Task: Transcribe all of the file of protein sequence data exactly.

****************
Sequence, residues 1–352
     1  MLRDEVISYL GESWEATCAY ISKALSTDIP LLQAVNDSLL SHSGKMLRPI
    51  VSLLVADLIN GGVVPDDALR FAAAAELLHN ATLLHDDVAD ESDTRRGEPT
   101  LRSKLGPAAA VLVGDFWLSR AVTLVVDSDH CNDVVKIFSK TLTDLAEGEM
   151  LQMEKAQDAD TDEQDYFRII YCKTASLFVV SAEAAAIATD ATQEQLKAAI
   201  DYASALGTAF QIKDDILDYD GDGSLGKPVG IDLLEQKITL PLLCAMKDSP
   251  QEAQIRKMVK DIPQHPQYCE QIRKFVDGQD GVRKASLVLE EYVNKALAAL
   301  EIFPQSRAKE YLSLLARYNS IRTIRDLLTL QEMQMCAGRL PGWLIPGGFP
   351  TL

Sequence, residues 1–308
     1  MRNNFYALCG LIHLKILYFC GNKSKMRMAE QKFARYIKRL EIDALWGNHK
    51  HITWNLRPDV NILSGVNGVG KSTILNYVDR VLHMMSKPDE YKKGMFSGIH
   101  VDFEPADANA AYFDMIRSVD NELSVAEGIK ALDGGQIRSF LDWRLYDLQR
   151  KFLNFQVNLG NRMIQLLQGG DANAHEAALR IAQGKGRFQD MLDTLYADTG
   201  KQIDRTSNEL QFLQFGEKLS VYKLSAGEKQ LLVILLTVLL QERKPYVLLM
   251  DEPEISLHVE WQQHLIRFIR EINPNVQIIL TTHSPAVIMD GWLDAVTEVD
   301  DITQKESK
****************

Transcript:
Sequence, residues 1–352
     1  MLRDEVISYL GESWEATCAY ISKALSTDIP LLQAVNDSLL SHSGKMLRPI
    51  VSLLVADLIN GGVVPDDALR FAAAAELLHN ATLLHDDVAD ESDTRRGEPT
   101  LRSKLGPAAA VLVGDFWLSR AVTLVVDSDH CNDVVKIFSK TLTDLAEGEM
   151  LQMEKAQDAD TDEQDYFRII YCKTASLFVV SAEAAAIATD ATQEQLKAAI
   201  DYASALGTAF QIKDDILDYD GDGSLGKPVG IDLLEQKITL PLLCAMKDSP
   251  QEAQIRKMVK DIPQHPQYCE QIRKFVDGQD GVRKASLVLE EYVNKALAAL
   301  EIFPQSRAKE YLSLLARYNS IRTIRDLLTL QEMQMCAGRL PGWLIPGGFP
   351  TL

Sequence, residues 1–308
     1  MRNNFYALCG LIHLKILYFC GNKSKMRMAE QKFARYIKRL EIDALWGNHK
    51  HITWNLRPDV NILSGVNGVG KSTILNYVDR VLHMMSKPDE YKKGMFSGIH
   101  VDFEPADANA AYFDMIRSVD NELSVAEGIK ALDGGQIRSF LDWRLYDLQR
   151  KFLNFQVNLG NRMIQLLQGG DANAHEAALR IAQGKGRFQD MLDTLYADTG
   201  KQIDRTSNEL QFLQFGEKLS VYKLSAGEKQ LLVILLTVLL QERKPYVLLM
   251  DEPEISLHVE WQQHLIRFIR EINPNVQIIL TTHSPAVIMD GWLDAVTEVD
   301  DITQKESK